’s enthusiasm continued unabated as they entered his office, his hand behind her shoulder. He certainly was a touchy/feely sort of fellow. She moved away from him a little.
“Come, come, have a seat over here. The fly
-bys we have are marvelous. Let me get this thing cranked up.”
Imelda noticed his hand wave her eyes toward a corner of the ceiling behind him. She caught a glimpse of a shiny black dot there. Okay, so, a video bug. Someone was spying on him. Nothing unusual in that. This was, after all, a research project.
She watched his hands fumble with the controls on the video monitor and caught a glimpse of a sound distortion device. Apparently, this was to be a secret conference.
With a loud crackling, the monitor hummed to life. The volume was turned to maximum and he fiddled with it briefly before sitting down.
He leaned close to yell. “I always have trouble with machines. I hope you don’t mind the volume so high. I can’t find the knob to turn it down.”
Imelda glanced at the monitor. The volume control was plainly labeled. He was apparently testing her knowledge of research techniques. She shrugged. “Guess we’ll have to speak by PC,” she yelled.
He nodded, smiling. He produced the cable to make the attachment. “I was truly pleased that you agreed to come,” he typed. “I had a long talk with Caldwell, your former project director.”
Imelda was cautious. “You a relative of his?” she typed back.
Caldwell’s face split in another grin, almost laughing. “Heavens no! He’s from a totally different cell line I am pleased to say. The only similarity we share is in our call names. I spoke with him before deciding whether or not to hire you.”
“What did he say about me?” Imelda did not expect the truth but asked anyway.
Caldwell was not the lost professor that he had appeared, and seemed to want to take her into his confidence, a dangerous proposition.
“Um, I believe the word he used was scumbucket, or perhaps scumbag.”
“Um, yes. He claimed that you stole his ideas.”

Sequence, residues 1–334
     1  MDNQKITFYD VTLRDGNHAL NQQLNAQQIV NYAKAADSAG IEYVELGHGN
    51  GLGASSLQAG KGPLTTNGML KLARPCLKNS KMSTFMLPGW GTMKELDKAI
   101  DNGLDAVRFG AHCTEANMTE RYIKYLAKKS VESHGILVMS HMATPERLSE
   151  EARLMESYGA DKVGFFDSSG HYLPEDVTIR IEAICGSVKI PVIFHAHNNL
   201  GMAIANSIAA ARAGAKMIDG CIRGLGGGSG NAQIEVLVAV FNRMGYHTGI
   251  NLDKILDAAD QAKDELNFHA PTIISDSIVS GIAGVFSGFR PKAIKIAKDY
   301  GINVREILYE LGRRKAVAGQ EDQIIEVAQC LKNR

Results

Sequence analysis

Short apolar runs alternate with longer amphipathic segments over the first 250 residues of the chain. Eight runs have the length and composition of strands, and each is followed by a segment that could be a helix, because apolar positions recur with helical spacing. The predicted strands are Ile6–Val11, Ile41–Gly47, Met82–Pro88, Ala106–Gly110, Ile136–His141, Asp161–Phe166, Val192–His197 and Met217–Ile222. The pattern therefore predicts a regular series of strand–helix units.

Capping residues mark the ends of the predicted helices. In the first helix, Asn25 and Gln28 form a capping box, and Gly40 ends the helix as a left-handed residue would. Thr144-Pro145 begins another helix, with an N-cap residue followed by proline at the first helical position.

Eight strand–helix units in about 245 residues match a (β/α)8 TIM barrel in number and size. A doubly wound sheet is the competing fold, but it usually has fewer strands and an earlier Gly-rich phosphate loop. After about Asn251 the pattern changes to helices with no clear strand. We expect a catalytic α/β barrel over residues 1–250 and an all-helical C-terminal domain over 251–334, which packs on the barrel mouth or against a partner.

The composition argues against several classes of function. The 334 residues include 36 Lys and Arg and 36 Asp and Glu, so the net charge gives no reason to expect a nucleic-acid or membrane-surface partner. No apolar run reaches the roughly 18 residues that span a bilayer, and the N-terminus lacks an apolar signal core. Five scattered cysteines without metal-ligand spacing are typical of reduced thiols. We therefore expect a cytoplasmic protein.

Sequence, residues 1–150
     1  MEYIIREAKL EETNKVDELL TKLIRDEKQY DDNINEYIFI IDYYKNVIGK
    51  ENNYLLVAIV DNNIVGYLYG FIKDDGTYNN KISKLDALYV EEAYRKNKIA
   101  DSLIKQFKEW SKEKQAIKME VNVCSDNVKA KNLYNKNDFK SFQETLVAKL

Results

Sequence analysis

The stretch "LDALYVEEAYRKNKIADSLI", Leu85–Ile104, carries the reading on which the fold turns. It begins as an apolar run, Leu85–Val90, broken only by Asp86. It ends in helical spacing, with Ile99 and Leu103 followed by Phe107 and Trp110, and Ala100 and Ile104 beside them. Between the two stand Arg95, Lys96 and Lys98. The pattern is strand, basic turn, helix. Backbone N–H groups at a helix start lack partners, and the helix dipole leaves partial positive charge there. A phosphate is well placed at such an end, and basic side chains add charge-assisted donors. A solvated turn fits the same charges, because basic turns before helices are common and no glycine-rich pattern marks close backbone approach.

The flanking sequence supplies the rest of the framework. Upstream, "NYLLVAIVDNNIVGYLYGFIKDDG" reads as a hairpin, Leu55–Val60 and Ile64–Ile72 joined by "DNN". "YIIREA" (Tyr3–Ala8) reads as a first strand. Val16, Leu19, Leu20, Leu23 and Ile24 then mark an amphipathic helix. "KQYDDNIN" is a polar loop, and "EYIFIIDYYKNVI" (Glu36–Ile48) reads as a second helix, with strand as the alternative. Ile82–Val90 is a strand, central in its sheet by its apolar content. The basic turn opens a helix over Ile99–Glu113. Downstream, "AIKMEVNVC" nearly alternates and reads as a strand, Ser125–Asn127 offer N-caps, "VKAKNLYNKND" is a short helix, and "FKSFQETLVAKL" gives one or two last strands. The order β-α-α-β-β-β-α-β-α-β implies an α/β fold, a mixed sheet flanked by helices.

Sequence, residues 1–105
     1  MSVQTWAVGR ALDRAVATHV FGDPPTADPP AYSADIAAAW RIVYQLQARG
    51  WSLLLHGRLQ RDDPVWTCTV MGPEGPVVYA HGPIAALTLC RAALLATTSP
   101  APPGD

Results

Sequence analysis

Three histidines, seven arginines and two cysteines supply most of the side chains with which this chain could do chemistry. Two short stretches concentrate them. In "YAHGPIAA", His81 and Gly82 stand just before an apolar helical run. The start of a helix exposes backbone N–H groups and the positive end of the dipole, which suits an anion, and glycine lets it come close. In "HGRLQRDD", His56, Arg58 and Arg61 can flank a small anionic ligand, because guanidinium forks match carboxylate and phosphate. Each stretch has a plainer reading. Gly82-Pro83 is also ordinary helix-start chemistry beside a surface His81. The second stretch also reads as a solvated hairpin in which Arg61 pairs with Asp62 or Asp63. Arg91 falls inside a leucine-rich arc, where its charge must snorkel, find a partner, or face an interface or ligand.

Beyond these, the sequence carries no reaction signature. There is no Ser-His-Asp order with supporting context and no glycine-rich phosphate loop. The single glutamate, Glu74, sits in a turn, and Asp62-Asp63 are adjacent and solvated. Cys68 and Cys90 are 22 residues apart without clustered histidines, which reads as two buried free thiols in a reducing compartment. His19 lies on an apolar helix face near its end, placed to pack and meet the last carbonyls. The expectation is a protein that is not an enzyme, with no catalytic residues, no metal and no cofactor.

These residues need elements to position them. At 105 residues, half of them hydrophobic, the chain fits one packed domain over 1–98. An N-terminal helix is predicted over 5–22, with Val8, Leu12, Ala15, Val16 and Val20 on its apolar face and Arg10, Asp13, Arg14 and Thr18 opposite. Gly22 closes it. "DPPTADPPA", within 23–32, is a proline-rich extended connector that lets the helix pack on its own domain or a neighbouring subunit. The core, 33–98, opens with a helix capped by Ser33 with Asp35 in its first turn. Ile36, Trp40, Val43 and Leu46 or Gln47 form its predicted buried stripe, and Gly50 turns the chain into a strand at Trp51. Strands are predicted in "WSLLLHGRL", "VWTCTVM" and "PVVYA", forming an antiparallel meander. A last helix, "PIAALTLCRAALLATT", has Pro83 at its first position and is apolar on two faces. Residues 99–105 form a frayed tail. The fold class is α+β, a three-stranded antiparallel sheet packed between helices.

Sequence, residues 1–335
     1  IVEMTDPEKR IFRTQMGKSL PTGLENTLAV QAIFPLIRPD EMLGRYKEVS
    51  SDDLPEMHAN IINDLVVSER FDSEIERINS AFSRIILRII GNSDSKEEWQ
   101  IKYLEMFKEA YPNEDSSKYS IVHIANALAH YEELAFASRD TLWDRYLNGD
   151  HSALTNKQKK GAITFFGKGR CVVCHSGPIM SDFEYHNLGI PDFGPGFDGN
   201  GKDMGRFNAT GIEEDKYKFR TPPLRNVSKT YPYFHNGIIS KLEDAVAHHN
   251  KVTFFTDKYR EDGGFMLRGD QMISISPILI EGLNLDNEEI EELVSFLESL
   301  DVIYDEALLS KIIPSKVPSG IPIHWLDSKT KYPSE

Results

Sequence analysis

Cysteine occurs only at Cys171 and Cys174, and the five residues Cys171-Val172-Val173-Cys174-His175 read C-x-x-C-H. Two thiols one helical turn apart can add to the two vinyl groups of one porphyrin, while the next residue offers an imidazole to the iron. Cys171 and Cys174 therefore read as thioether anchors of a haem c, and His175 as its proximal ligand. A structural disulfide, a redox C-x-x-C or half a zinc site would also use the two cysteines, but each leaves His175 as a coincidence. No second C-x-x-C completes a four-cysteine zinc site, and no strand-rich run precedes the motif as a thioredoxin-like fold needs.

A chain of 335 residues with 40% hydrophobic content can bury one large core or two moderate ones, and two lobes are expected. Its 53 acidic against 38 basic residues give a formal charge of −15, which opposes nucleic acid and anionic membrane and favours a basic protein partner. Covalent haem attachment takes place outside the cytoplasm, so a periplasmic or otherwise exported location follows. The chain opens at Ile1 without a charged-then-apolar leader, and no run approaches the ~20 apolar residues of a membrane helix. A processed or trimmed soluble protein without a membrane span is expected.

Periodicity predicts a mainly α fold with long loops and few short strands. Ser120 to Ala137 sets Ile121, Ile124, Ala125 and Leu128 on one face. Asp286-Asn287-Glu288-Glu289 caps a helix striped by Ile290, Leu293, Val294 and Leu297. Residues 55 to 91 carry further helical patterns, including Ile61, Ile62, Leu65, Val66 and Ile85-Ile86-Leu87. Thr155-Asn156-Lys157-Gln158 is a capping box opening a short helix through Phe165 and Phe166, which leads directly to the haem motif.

“After he stole them from me.”
“He also claimed that you were a devious trickster and incapable of telling the truth.”
“He should be familiar with such traits since he has them himself.”
nodded. “I checked on him as well. He did everything he could to destroy your career.”
“Did a damn good job of it too.”
“I found it strange that he was so reluctant to allow you to leave his team in view of his poor opinion of you.”
“I suspect he was afraid of running out of good ideas after I left.”
“Hmm. I would not be surprised.” Caldwell’s eyes were piercing as he glanced towards her. Both of them were careful to keep the back of their heads toward the videobug so that their expressions couldn’t be read. Imelda was still unsure just what this was all about but knew she didn’t like it.
“I also spoke with Gerald Golden.”
Imelda’s stomach tightened at the name. A knot formed in her throat.
“He’s an interesting fellow. He had a lot to say about you, after he had a few beers in him.”
Her expression remained frozen as she stared at the video.
’s eyes turned back to the video as well, his expression bothered, uncertain. After a pause, he cleared his throat. “I have a favor to ask of you,” he typed.
Imelda nodded. Now she would find out why she was here.
“You met director Trefarbe. What do you think of her?”
“My feeling precisely. She has already decided that I am easily manipulated and too absentminded to resist her. In addition to trying to control me and my job, she has campaigned heavily for my bed as well.”
“A predictable ploy.”
“I am a scientist first and foremost. This is a huge project and an important one. I will have all that I can do supervising the research program, ensuring its efficiency and accuracy. I need an able management person to take care of the day-to-day operational details, and that she can do. I don’t have the time to waste with her shenanigans.”
“Why don’t you just go to bed with her?”
“I am already involved with someone else.” His look was earnest. “Someone I care about very deeply.”
Imelda nodded thoughtfully. “Contractual?”
He smiled. “Sworn fealty, penalties for infidelity. A full contractual relationship. My friend worries that her fellows would resent her if they knew. She is devoted to her work, just as I am. She does not wish to be known as my wife.”